BEC » Topics » Income Taxes

These excerpts taken from the BEC 10-Q filed May 7, 2009.

Income Taxes

At the end of each interim reporting period, an estimate is made of the effective tax rate expected to be applicable for the full year. The estimated full year’s effective tax rate is used to determine the income tax rate for each applicable interim reporting period. The tax effect of any tax law changes, final settlement of examinations with tax authorities and certain other events are reflected as discrete items in the interim reporting period in which they occur.

 

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The effective tax rate for the quarter ended March 31, 2009 was a benefit of 13.2%. The effective tax rate was impacted by discrete events which reduced tax expense for the quarter ended March 31, 2009 by a net $7.8 million. Discrete events occurring in the quarter ended March 31, 2009 that reduced tax expense by $11.2 million, consisted primarily of settlement of tax audits of prior years, changes in judgment related to uncertain tax positions in prior years, and changes to various tax credits, offset by discrete events that increased tax expense by $3.4 million as a result of changes in certain tax accounting methods.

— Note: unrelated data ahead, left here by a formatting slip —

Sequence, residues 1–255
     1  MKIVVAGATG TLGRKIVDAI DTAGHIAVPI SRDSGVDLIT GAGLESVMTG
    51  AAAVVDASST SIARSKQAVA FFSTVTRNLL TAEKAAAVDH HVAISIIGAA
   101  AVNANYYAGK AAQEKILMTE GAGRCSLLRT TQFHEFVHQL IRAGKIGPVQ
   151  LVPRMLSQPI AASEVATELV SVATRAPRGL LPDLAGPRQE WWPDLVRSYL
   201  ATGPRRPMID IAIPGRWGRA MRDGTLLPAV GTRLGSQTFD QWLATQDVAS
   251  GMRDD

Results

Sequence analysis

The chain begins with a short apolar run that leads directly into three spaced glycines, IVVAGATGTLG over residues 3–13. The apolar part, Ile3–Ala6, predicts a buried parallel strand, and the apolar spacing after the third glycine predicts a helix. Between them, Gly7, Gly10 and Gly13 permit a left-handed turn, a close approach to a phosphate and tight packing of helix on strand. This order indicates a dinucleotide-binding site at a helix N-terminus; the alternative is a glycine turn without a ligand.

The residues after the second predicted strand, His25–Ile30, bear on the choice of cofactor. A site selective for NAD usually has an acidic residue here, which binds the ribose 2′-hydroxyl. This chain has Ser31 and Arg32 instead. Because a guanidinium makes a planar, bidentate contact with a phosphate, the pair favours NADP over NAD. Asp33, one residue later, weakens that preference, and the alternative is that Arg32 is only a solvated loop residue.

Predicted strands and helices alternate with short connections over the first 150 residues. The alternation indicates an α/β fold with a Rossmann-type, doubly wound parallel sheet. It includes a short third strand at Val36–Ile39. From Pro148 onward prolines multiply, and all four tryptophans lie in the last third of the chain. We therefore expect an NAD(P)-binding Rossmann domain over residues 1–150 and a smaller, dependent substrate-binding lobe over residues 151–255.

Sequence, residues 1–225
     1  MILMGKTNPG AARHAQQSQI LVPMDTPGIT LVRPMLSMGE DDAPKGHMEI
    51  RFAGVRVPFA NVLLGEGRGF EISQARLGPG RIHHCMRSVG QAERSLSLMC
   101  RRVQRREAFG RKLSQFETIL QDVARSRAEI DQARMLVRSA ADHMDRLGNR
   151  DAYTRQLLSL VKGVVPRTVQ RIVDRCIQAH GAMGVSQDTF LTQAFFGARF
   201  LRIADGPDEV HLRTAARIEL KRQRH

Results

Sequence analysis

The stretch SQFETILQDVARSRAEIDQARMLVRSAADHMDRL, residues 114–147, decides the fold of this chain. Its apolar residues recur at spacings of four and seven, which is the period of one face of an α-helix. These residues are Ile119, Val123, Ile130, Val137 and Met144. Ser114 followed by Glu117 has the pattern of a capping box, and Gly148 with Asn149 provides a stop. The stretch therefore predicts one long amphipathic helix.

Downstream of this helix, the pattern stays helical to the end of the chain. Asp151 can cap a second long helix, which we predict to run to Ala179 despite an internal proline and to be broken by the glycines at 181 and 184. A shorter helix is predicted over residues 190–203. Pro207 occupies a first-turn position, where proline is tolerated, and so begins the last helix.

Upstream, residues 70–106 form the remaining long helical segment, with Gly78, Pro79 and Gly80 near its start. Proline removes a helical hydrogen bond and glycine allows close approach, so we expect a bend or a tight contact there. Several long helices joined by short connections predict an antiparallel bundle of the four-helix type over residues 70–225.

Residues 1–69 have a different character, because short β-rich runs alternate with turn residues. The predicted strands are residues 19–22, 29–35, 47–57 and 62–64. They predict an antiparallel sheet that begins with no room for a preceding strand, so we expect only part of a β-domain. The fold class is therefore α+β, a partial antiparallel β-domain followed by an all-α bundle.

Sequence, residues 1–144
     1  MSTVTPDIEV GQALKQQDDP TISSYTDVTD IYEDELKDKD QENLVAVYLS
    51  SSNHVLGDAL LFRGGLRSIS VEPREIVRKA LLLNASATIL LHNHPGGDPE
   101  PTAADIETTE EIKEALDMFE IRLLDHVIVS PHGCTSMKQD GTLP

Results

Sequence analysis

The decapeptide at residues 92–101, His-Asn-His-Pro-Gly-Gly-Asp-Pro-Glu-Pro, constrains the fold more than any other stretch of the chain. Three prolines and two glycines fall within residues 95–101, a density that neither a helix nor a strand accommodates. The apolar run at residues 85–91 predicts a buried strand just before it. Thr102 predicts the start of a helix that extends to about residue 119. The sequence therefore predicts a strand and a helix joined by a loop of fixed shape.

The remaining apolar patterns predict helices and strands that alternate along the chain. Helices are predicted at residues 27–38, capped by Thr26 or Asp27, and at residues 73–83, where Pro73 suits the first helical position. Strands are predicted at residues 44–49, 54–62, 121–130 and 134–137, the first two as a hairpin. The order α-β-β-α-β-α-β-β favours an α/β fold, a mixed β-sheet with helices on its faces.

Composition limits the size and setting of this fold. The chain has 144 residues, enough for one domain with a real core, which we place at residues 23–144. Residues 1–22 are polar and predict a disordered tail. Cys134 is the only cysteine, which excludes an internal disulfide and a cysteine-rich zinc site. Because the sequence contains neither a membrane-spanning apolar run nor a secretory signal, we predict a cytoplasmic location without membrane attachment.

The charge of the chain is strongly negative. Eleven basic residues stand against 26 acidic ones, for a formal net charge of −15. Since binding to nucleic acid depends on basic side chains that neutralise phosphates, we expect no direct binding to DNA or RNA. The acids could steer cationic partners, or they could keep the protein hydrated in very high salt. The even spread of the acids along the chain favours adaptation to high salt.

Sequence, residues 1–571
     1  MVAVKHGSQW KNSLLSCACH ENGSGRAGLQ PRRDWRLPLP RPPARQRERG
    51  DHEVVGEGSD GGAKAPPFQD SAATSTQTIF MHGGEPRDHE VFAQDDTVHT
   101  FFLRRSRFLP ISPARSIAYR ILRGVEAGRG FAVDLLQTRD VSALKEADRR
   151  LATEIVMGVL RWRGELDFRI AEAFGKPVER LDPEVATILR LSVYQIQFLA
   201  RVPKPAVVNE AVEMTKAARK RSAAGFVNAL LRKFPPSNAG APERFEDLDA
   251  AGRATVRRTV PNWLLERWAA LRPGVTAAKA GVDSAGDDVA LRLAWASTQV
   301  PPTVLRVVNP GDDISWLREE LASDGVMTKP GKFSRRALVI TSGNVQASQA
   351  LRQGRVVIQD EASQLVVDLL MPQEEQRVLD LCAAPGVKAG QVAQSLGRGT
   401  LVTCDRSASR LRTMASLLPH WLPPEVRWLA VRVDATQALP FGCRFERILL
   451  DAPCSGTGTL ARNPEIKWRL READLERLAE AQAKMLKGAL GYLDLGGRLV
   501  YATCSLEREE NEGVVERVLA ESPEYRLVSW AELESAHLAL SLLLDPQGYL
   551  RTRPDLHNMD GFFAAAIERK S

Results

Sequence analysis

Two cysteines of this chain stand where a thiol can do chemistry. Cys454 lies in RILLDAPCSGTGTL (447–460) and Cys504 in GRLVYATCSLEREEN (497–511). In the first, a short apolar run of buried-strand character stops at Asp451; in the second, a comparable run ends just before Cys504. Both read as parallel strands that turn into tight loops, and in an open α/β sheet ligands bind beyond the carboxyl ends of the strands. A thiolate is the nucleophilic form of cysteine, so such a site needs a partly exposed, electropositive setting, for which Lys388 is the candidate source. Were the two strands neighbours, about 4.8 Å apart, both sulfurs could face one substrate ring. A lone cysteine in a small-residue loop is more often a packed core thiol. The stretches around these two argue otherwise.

The Company and its domestic subsidiaries file federal, state and local income/franchise tax returns in the U.S. Our international subsidiaries file income tax returns in various non-U.S. jurisdictions. The audit of our U.S. federal income tax returns for 2004 and 2005 was closed in the first quarter 2009, which resulted in a reduction in our liabilities for uncertain tax positions of $7.8 million, which reduced income tax expense. Tax years 2006 and 2007 remain open to U.S. federal income tax examination and an audit by the IRS for these years commenced in April 2009. We are no longer subject to state income tax examinations by tax authorities in our major state jurisdictions for years prior to 2004. The earliest tax years of our major international subsidiaries that are subject to non-U.S. income tax examinations by tax authorities are: Switzerland, 1998; Hong Kong, 2001; Germany, 2003; Italy, Japan and the United Kingdom, 2004; Canada, 2005; and France, 2006.